Feel like you need a personal nuclear reactor just to light your Festivus lights? You might not be far from the truth. You face three choices:
- Go without in the spirit of being a GreenerGeek
- Installing the traditional tiny lights and pay the electric company through the nose
- Buying LED lights, paying through the nose for high-tech, and ignore your power bill
As an example, our backyard display consists of 6 strands of Garlands wrapped around our deck (1,800 bulbs), and three strands wrapped around a small pine tree (300 bulbs). I measured 420 watts for those 2,100 bulbs, or about 0.2 watts each. Expressed another way, you can divide the bulb count by 5 to come up with the wattage.
Our front display consists of 6 strands of Garlands wrapped around two tall bushes (1,800 bulbs), 15 sets of Net Lights on our bushes (2,250 bulbs), and 2 simple strands outlining Bambi, or fake deer (200 bulbs). I measured the total power consumption of our front yard display (4,250 bulbs) at 855 watts.
Our total homage (6,350 bulbs) to the Chrismahanaquanzika season is a wallet-numbing 1,275 watts per hour, which costs just about $0.25. We run the lights from 4 PM until 10 PM, or 6 hours a day, 7 days a week for about 5 weeks. That means the total cost to run our holiday lights is about $105.
Now let's look at using LED lights.
The good news is that the LED bulb itself lasts much longer. The bad news is that it still uses the same sort of cheap socket connections which quickly fail. You are going to be pulling your hair out year after year keeping your expensive LED light strings working. But at least you won't land-fill them because they cost too much.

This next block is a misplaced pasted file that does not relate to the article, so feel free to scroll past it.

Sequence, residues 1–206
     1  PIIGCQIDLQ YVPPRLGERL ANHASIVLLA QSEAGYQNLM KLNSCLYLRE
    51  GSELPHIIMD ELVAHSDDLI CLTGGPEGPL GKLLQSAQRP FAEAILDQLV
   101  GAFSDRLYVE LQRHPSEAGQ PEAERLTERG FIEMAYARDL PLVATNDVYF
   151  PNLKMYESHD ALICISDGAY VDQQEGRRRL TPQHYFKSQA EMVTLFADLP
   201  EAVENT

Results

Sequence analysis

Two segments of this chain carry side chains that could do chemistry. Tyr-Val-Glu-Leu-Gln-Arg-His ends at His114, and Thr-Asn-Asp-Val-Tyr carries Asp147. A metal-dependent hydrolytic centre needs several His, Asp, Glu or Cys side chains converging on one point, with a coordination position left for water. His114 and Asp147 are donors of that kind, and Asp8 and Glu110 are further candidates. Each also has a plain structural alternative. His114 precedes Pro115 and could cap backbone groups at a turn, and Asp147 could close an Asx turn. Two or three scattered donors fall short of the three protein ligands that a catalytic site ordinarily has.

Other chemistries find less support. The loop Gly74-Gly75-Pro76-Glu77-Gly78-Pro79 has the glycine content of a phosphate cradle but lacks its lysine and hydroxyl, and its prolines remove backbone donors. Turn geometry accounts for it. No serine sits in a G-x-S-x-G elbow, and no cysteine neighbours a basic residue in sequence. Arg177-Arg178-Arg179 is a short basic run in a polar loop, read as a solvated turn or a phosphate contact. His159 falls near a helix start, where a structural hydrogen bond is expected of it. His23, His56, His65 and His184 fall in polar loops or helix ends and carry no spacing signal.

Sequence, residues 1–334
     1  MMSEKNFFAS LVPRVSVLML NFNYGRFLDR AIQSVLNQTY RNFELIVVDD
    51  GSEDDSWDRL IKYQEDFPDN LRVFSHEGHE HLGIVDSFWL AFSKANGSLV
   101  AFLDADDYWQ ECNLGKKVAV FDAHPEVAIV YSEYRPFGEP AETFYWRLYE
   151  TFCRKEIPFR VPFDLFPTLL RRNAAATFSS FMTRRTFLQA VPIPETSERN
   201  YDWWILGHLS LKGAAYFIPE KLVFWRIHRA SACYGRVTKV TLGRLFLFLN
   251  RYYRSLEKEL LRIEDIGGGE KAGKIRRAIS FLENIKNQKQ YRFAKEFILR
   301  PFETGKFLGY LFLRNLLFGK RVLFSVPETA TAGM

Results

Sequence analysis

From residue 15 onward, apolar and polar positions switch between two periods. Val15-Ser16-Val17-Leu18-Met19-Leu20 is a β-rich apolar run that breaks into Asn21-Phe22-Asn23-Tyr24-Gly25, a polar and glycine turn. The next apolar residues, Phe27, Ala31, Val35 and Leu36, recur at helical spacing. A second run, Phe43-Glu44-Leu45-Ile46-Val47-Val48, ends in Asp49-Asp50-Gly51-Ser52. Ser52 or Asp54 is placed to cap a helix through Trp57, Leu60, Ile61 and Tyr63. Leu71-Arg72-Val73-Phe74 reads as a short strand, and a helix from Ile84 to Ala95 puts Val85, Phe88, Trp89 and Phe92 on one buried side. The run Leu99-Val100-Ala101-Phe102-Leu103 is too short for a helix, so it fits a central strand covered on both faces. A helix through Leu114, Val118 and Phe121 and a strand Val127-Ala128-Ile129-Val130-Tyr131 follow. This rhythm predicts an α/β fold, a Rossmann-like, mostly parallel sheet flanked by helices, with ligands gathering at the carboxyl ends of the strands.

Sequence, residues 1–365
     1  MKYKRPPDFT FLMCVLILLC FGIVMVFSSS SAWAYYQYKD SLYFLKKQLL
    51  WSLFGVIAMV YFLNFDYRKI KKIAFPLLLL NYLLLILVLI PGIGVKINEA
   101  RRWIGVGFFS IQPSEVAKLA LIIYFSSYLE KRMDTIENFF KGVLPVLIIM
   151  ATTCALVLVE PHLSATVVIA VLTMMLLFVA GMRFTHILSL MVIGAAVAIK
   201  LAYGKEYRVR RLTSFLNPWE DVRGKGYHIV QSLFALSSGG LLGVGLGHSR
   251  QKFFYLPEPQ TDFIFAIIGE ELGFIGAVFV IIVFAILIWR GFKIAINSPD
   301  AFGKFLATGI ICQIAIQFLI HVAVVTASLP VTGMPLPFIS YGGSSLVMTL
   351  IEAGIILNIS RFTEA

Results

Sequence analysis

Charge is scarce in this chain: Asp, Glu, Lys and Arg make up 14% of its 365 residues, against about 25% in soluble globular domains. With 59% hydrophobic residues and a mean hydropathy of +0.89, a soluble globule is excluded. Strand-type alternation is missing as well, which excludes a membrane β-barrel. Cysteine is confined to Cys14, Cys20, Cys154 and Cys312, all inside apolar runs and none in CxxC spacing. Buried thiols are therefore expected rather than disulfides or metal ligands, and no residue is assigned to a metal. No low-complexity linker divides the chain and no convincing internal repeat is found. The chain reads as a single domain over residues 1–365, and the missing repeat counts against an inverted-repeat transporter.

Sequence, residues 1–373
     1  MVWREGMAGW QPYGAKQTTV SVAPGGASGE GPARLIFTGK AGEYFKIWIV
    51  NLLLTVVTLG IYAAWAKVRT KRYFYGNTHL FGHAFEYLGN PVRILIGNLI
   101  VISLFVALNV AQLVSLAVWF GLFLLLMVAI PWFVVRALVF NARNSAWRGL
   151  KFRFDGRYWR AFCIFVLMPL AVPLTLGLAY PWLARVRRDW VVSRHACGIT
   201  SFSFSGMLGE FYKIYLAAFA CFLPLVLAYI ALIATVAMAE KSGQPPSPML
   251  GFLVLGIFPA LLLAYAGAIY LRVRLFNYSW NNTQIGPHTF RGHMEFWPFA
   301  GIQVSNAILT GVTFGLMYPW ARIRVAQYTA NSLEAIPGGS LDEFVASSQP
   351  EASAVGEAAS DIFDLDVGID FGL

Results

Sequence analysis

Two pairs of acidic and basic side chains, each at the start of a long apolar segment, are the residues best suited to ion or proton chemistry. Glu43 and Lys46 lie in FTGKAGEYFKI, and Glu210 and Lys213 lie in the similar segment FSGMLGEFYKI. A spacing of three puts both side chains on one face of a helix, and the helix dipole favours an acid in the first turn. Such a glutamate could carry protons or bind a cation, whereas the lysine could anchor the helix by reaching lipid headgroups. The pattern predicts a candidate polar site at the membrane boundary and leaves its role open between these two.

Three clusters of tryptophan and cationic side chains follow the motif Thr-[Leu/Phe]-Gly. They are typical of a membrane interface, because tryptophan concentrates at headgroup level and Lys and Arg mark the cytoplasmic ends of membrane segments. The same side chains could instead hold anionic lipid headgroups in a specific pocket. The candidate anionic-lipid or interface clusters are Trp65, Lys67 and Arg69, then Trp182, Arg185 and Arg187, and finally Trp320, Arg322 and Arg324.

Speaking of cost, LED lights run about $50 for a set of 150 bulbs. The bad news is that is 16 times more than I spent on the same number of traditional lights. The good news is costs are coming down each year. Maybe we can afford them in another 5 years?
Well at least LED lights save money on power, right? That's the very good news. Yes they do! They use 1/14th the power. So divide the bulb count by 70 and you will have your power consumption.
So let's compare. My 6,350 traditional bulbs consume 1,275 watts, and cost me $105 to run for the season. If I changed over to LED bulbs, then my power bill would be $13, saving $92. But LED lamps would cost me $2,116 to purchase. Even if the strands lasted 10 years (wildly optimistic given build-quality), I would still be about $1,200 in the hole if I used LED technology.
The real bad news is that current LED technology is just a fun experiment. The economics are not even close to there yet.
Maybe the most green approach would be to use five 200 watt solar panel (an array size of about 8x10 feet) to capture enough sunlight during the day (8 hours) to generate the power used for the lights. That panels would cost about $4,500 and require a $1,500 grid-tied inverter (you sell the power to the electric company during the day, and draw power from the grid at night to run your lights). So for $6,000 out of pocket, you can offset your $105 power bill for your lights (and put another $900 or so in your pocket during the rest of the year).
Of course those solar panels will generate zero power if we have a white Christmas -- Bah humbug!